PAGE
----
The craft brewing industry is one of the fastest-growing industries in terms of new firms in America. In such a crowded industry, it can sometimes be difficult to stand out. That’s why success in the craft brewery industry is often a two-fold process. Having a solid product that people can count on is often the foundation of the business, but for real success, it’s often not enough. Building an equally strong brand that people readily associate with the product can be just as important. A vital part of building a brand is creating identifiable markings for the brand. The value, though, of those markings only goes so far, as they need to remain exclusively associated with your brand.
Trademark protections are an absolute necessity for companies looking to protect their brand. A trademark prevents other companies from using your brand image to profit themselves. It also prevents your brand image from being damaged by second-rate imposters. However, just getting a trademark is not enough, as it is also necessary to protect the trademark and intervene when someone violates it. Having a trademark lawyer you can count can be essential to setting up your trademark and protecting it.
Registering a trademark follows a few basic steps. However, there can be a few options at each stage, and it’s important to get them right to ensure that your trademark is properly protected. Therefore, having a trademark attorney who can help get your trademark registered can ensure that your trademark is as secure as possible. The steps for registering a trademark are:
Maintaining your trademark’s exclusivity means dealing with disputes and policing any unlicensed appropriation of your trademark. A good trademark attorney can be essential when doing this.
A: Having your beer’s logo trademarked is good practice. The more you have trademarked around the beer’s identity, the more you can rely on being able to consistently promote the beer. In addition to trademarking the logo, you will also want to trademark the brewery and even your tagline if you have one. An important element of continuing to own a trademark is defending it. Having the whole promotional design and brand elements around the beer trademarked can help you defend every aspect of the beer and your promotion of it with that package.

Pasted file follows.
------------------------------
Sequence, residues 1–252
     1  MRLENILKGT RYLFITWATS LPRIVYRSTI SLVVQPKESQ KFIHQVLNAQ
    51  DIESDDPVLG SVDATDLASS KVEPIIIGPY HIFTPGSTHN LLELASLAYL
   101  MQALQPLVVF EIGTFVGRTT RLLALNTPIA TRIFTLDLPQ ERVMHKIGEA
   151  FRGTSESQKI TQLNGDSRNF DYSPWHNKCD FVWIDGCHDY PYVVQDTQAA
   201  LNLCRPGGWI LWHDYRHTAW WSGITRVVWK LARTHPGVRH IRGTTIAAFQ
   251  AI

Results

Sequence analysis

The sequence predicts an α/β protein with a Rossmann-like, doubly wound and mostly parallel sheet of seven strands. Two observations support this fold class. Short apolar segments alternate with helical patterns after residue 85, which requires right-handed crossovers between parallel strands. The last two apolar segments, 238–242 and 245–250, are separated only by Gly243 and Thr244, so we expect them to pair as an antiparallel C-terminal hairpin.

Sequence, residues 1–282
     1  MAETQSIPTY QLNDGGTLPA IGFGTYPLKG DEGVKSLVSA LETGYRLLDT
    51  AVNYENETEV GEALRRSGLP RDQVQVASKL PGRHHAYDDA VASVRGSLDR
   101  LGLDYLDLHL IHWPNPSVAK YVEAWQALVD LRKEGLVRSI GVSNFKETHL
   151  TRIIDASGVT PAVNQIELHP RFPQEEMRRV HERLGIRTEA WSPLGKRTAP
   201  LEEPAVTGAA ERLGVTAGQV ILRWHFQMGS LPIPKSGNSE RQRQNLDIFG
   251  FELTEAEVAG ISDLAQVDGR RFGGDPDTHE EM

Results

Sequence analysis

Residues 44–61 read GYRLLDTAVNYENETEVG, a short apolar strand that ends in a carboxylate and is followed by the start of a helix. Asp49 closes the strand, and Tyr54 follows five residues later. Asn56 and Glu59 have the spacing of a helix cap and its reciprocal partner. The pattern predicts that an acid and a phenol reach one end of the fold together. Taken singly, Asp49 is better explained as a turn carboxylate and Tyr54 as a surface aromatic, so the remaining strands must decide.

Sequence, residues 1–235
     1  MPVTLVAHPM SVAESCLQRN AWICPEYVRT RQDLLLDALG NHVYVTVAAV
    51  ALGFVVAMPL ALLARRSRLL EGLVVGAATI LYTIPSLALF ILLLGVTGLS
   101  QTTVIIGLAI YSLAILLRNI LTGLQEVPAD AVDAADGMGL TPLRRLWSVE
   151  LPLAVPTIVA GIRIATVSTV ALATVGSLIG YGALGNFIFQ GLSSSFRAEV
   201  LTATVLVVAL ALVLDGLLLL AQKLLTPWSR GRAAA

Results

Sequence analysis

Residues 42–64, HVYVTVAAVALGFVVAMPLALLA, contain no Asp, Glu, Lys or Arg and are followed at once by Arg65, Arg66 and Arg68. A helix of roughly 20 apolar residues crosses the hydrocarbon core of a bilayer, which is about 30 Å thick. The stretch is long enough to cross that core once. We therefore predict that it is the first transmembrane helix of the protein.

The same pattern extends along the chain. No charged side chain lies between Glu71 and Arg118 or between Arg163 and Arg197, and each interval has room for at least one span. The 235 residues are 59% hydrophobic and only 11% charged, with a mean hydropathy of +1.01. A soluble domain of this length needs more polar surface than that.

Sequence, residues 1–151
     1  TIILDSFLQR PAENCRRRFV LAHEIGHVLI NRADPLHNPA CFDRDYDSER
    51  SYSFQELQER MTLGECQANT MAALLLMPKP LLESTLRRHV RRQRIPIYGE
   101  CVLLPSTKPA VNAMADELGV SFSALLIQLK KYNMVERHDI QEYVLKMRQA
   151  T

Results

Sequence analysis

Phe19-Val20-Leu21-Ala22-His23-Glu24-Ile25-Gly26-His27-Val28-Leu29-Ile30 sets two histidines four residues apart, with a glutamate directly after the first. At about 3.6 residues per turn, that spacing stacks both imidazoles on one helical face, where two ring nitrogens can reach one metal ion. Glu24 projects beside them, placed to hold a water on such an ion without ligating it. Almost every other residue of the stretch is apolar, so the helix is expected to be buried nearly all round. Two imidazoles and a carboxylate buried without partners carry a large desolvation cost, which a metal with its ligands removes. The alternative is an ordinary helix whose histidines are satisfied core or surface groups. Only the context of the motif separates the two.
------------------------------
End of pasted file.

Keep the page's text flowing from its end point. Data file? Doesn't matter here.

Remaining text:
A: Yes. While a federal trademark requires a presence in multiple states, that doesn’t necessarily have to mean sales in other states. Something participating in a contest or a festival in a different state can be enough of a presence to warrant a federal trademark. While you could settle for just a state trademark, it can be worthwhile to consider a federal trademark in case you want to expand into different states at some point. Even if you have no plans to do so now, or don’t even want to in the future, having the federal trademark could make the business more valuable if you sell it and the new ownership wants to expand.
A: To trademark your brewery name, you will want to start by making sure that your name isn’t already trademarked. This can start with searching the USPTO’s Trademark Electronic Search System. However, once you have something that can clear your search, you will probably want a trademark lawyer to run more extensive searches just to be sure. You will also need to decide the type of trademark, either standard character or special form. Working with an attorney can ensure that you don’t waste time submitting the wrong forms.
You will need to identify and classify the goods and services related to the trademark using the Trademark ID Manual. You will also need to determine your filing basis. You can file either as “use in commerce,” which means that you are already commercially using the name, or as “intent to use,” meaning that you have firm plans to use the name commercially within the next three or four years. Lastly, you can file your trademark using the Trademark Electronic Application System. Each of these steps has multiple options and can get a bit complex, so working with a trademark lawyer can help smooth out the process for you.
A: Maintaining a trademark requires some vigilance on the part of the trademark’s owner. There are a number of ways a trademark could be lost, including:
A product is part of a company’s value, but the brand itself can also be tremendously valuable. It’s what causes people to recognize the product and develop associations with the brand. To protect the value they create around their brand, a company must protect those things that make the brand identifiable. This can be especially important in the crowded craft brewery and alcohol industry. Part of ensuring that your brand is protected is making sure that the trademark is properly registered. This is not always easy, given the complex bureaucracy surrounding trademarks and intellectual property. If you want help ensuring that your trademark is properly protected, contact us at Four Reasons Legal today.